Thursday June 6th: Love has Everything to do with it!
June 6, 2024
Friday June 7th: The Lord’s love
June 7, 2024

Lessons to learn about living taught by dying

By Camille Ramdial Cumberbatch

The sound of silence now permeates my home. This is a strange occurrence as my husband Michael’s daily routine was sitting on our couch in the living room, watching TV at a very high volume due to his hearing issues. Many times as you passed the room or came into the house, you would have to ask Michael to “please, lower the volume”. Now, everyone comments about how quiet the house is since he has passed. I didn’t think I would miss the noise as much as I do.

When you have been in a relationship with someone for more than quarter of a century, it is very difficult trying to come to terms with their absence. I miss hearing his voice singing to me his favourite songs: ‘Unforgettable’ by Nat King Cole and ‘I give her all my love’ by The Beatles. I miss his intellectual discussions about life, politics, change, about making a difference in the world, about faith and his relationship with God, about his family or upbringing, for example. Sometimes, he would tell me the same story or experience multiple times and, of course, I would impatiently say to him, “Mike, you’ve told me this about 15 times already.” I wish now he was here to make it the 16th time.

I miss holding his hands while sitting on the couch watching television together, or at the cinema watching a movie, which was his favourite pastime. I miss his touch, when we would simply lean against each other, or he would hug my shoulder.

Michael’s passing, painful as it is, has helped me learn many critical things, which I pray to apply in my remaining years of life. Some I wish to share with you.

1. Don’t take for granted the people you love and who love you. In our daily busyness, we may sometimes become overwhelmed or distracted and lose focus about what’s important. Based on where we are in our lives, we may have different priorities to others, understandably. I wish to suggest that relationships with the important people in our lives should always be a priority. Let us fully embrace and enjoy all our interactions with them— conversations, storytelling and even arguments. Let us not have a sense of regret or unfulfillment if they were to leave us, unexpectedly.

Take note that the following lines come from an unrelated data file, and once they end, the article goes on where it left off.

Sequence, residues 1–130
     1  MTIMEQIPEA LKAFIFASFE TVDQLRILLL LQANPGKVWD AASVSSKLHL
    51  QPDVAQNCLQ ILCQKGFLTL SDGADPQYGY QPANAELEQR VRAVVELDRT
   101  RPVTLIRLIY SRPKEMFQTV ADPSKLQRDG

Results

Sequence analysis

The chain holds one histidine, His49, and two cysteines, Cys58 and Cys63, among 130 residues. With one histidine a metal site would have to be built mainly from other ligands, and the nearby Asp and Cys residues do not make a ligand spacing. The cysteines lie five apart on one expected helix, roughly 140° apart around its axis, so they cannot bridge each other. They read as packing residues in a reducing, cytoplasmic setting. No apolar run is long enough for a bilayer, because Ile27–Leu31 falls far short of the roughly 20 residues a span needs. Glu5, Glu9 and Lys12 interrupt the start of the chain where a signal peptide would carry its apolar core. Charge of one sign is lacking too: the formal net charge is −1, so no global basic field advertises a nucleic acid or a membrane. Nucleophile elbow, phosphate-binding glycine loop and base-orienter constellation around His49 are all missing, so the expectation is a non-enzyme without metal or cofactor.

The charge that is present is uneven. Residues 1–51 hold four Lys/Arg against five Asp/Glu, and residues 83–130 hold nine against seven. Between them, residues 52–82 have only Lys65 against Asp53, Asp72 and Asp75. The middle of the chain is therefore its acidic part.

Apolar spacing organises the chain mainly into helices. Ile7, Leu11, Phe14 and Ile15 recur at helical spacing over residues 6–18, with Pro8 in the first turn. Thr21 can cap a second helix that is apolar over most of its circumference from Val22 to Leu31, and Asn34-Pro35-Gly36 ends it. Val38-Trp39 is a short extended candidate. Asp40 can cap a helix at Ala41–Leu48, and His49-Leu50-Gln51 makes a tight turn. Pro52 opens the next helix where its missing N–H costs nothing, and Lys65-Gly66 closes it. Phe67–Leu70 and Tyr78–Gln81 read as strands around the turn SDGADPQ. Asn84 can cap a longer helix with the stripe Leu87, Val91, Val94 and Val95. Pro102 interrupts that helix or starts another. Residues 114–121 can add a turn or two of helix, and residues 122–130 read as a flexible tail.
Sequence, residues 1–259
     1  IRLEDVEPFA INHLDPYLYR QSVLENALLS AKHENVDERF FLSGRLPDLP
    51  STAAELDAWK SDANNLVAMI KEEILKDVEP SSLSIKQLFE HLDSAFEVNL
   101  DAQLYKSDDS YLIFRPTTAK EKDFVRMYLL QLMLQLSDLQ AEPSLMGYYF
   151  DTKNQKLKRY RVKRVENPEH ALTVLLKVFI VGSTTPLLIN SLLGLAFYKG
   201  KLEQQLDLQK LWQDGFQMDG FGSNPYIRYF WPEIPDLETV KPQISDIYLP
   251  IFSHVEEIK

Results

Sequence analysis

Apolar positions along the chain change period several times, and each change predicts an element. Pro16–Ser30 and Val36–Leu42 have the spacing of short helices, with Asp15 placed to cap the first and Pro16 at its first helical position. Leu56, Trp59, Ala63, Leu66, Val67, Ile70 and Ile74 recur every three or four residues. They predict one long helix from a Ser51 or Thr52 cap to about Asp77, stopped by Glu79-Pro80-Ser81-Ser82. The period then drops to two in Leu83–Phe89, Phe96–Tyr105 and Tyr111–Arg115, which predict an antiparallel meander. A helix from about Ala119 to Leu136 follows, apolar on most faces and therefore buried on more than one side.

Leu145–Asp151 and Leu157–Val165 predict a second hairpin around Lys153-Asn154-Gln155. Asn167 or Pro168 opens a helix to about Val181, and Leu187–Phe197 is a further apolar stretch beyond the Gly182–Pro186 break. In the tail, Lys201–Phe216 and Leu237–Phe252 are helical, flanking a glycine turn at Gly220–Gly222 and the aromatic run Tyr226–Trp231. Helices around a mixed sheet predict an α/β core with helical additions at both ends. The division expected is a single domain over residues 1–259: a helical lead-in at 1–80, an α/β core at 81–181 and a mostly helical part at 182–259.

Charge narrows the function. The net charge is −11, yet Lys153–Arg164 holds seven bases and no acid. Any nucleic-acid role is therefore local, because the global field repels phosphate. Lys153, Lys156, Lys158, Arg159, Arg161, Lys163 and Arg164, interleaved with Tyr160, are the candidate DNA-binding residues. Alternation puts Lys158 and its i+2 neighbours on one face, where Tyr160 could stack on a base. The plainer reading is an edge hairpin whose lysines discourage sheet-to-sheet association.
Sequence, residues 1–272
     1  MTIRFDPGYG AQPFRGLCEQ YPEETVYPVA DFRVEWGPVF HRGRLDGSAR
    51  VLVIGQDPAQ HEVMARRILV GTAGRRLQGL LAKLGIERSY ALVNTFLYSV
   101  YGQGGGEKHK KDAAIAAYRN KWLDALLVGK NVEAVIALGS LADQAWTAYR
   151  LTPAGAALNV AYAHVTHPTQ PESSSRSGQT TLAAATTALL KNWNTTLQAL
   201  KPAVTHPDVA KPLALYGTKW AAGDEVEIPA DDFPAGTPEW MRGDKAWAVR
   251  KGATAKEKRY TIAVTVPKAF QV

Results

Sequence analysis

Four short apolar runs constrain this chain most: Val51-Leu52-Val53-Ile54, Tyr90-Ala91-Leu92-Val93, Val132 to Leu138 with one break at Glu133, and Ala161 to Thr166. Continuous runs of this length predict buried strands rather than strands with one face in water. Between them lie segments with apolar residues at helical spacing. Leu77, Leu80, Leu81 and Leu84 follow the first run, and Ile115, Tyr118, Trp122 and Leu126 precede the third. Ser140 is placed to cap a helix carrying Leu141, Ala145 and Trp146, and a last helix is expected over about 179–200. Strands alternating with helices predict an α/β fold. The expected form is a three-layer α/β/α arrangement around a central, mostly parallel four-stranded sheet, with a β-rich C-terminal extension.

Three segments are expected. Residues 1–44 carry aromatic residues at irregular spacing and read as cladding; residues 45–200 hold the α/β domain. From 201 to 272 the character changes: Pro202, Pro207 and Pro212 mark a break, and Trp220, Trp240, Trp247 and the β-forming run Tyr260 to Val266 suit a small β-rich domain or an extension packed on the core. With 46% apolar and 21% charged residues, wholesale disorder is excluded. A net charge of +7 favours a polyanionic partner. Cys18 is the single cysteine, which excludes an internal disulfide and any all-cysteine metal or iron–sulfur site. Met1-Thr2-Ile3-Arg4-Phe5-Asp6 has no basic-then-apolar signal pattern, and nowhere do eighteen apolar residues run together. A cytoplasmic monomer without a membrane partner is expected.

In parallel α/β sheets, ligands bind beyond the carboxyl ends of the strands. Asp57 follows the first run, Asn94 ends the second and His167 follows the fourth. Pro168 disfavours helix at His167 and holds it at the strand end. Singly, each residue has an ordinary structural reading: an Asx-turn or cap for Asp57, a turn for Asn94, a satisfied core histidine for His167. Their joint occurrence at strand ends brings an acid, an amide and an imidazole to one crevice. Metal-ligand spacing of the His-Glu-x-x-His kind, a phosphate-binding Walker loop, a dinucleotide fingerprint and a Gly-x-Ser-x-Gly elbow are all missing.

2. Treasure and be mindful of the words we share with our loved ones. The last words my husband said to me the night before he became unconscious and then subsequently passed were, “Camille, I thank you for caring for me and each day I love you more and more.” I treasure those words which were some of his last to me. Unforgettable!! Saying ‘I love you’ is a very powerful affirmation of your feelings for your loved ones. Embrace every opportunity that comes your way to express yourself, as you may not know if it will be your last.

3. Live your life intentionally and help others along the way. Michael’s framework for his life was based on three principles, “Have impact. Be relevant. Build community!” This philosophy is one that I too use in my life and which his children aim to internalise as a living legacy and testament to his influence on them. When people became aware of his passing, I was inundated with calls and messages from those who had known him for as long as over 50 years to those who only knew him recently. Most of these people shared how Michael had in some way or the other significantly impacted their lives. He helped them grow into being the person they were now through his mentorship, guidance, and leadership. In small and in big ways, Michael fulfilled his life’s purpose, always aiming to help people fulfil their potential and be the best they could be.

Michael was also a man who always had a big purpose-driven vision for himself, his family, and his country, strongly grounded in faith—faith in himself and God. This is the main lesson I aim to actualise—to fulfil my purpose and support our son, Joshua too, so we live our life to the fullest, in faith, in love, and in service to others.